Five Scientifically Proven Words You Should Use in Sales Letters
- My nerd confession: I love history
- The science of how words shape reality
- Five powerful words you should use in sales letters
- You can be part of this special group of writers
I’m a bit of a history nerd, especially when traveling. Several years ago, my husband and I took our two kids to France on a family vacation. Most of my time was consumed reading about Marie Antoinette, the former Queen of France.
I loved learning new bits of information about her life. For example, she was only 14 years old when she married Louis XVI. Unlike during her reign as Queen, in her early years, she was a “teen idol.” At one appearance in the center of Paris, a crowd of 50,000 people showed up. The guards couldn’t contain the group and 30 people were crushed to death.
I was so obsessed with Marie’s life that when we got home, I spent an entire week tracing her family tree to see if there were any descendants alive today. (Interestingly enough I found one possible link to her living in New York).
I have this same nerd-like fondness for words. Uncovering a word’s history is called etymology. I’m not an etymologist, but when I come across a new word, I like to look up its origins.
I also want to understand the psychology and science of the words we use. For example, UW–Madison cognitive scientist and psychology professor Gary Lupyan, and Emily Ward, a Yale University graduate student, did a study that was published in the journal Proceedings of the National Academy of Sciences on how words can alter perception.
The two researchers found that for humans, words create our realities. We do this with an inner dialogue of words that we attach to situations, which then in our minds makes the situation a reality.
New studies in what is called “neuromarketing,” show we essentially function with three brains:
- the ‘new brain,’ which thinks,
- the ‘middle brain,’ which feels,
- and the ‘old brain,’ which decides based on input from the other two.
Why am I going all “science” on you today? Because if you use the five scientifically-backed words I’m going to share with you, you’ll look like a copy genius.
As writers, we know it’s easy enough to give people information which makes them think, but it’s not so easy to get them to feel. And feeling is important because when people buy, they do so with emotion.
That’s why using the right words in sales copy matters. Dr. Frank Luntz, author of Words That Work: It’s Not What You Say, It’s What People Hear knows the power of choosing the right words well.
Several years ago, he was hired as a linguistics consultant for the Republican Party and helped coin some now household phrases such as his branding of the estate, or inheritance, tax as the "death tax,” and "climate change” which sounds natural, instead of “global warming," which sounds scary.
Dr. Luntz says, “80% of our life is emotion, and only 20% is intellect. I can change how you think, but how you feel is something deeper and stronger, and it's something that's inside you. How you think is on the outside, how you feel is on the inside.”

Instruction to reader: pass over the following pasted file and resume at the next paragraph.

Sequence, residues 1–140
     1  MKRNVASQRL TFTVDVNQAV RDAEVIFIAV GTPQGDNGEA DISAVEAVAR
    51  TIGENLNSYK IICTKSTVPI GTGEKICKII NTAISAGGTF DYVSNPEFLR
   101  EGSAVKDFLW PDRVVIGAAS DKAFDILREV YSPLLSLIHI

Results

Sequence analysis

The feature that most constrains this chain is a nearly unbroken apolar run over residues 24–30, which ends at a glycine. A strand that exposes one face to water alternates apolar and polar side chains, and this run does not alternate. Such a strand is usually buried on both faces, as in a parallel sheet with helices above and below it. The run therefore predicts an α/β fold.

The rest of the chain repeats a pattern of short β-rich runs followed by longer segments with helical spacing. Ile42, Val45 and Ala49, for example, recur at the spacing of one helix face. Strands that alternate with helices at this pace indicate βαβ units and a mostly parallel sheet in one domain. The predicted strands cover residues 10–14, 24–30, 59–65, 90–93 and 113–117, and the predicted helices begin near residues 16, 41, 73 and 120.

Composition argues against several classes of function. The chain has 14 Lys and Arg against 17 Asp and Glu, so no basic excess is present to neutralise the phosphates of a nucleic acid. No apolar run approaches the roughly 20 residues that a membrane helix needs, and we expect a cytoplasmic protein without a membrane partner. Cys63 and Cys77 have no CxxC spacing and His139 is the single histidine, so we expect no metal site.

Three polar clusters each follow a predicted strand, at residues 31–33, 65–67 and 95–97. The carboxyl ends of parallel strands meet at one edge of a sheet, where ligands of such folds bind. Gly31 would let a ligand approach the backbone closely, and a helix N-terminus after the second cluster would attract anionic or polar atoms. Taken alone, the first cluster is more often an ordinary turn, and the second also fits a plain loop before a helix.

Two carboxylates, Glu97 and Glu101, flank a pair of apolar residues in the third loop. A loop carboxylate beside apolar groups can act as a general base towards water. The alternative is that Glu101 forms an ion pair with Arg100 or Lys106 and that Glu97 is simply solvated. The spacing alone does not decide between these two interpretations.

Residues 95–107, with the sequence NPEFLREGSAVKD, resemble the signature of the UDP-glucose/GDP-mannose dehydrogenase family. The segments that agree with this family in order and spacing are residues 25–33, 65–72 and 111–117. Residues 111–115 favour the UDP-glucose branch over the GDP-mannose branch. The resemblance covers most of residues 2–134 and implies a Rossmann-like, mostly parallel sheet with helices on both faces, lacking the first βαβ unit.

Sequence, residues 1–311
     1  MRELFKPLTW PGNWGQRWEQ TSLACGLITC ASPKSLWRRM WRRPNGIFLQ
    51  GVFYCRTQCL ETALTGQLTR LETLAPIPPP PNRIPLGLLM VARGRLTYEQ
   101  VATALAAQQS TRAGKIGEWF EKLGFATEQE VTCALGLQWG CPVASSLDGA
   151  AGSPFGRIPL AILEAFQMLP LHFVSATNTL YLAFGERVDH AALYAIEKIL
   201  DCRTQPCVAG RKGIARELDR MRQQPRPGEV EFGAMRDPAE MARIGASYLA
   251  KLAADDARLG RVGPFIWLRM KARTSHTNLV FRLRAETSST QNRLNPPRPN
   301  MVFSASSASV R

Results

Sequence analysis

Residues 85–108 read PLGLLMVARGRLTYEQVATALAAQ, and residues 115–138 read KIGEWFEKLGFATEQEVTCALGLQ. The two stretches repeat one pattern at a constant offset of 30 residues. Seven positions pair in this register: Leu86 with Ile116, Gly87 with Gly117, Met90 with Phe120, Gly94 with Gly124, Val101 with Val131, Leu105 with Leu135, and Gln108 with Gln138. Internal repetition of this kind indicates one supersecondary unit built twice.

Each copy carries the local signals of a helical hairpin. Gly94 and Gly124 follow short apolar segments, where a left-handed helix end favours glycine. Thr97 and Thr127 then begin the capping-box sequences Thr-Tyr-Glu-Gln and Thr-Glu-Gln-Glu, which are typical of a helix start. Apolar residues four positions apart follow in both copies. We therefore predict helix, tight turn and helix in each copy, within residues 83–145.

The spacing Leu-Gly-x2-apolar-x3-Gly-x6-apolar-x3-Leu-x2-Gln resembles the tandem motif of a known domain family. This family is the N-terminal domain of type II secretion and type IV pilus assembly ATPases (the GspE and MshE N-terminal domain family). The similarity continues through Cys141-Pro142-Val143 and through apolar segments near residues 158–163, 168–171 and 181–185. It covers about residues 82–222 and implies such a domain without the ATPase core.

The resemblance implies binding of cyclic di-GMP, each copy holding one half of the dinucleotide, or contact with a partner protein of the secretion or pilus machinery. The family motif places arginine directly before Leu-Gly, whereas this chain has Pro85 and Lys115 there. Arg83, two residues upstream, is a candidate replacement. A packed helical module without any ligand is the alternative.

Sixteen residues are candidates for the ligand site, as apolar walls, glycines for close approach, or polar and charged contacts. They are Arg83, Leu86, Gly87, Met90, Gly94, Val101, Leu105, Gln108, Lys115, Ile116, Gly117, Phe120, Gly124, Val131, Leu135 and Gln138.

So, to look like a copy genius what five words should be in your copy? Let’s start with the one everyone knows:
In a Yale study, the word “you” ranked as the number one, most influential power word in English.
Using “you” shows empathy, which is necessary to convince someone that what you want and what he or she wants are mutually beneficial. The only way to boost the power of "you" is to replace it with your prospect's actual name.
Or, as Dale Carnegie put it so simply: “Remember that a person’s name is to that person the sweetest and most important sound in any language.”
3. No Risk
4. Money-Back Guarantee
Power terms like these three inspire confidence in the product. Prospects are more likely to buy because of the implied understanding that the situation will be made right if a problem arises.
These are also terms that create trust. When your prospect trusts you, he or she is more likely to take the action you want: Pull out their credit card and buy the product or service you are selling.
When you ask your prospect to buy something, his or her natural reaction is to find a reason to disagree.
But this doesn’t happen if you ask them to imagine something, especially if you ask them to imagine the outcome of the sale (the benefit), rather than making the purchase itself.
As strange as it may sound, the brain literally cannot tell the difference between imagining reality, and actually experiencing reality. As far as your brain is concerned, there’s no difference between visualizing a rainbow, and seeing a rainbow.
This makes your prospect’s imagination a powerful ally and one you should be taking advantage of in your copy. Take a look at this sales letter that uses the word “imagine” in the opening paragraph:
Your takeaway: Find a way to use all of these words in your next copy project.
Here’s a writing tip: If you’re ever stuck when writing the first sentence of your sales letter, start with the word “imagine.” From there, other ideas will flow.
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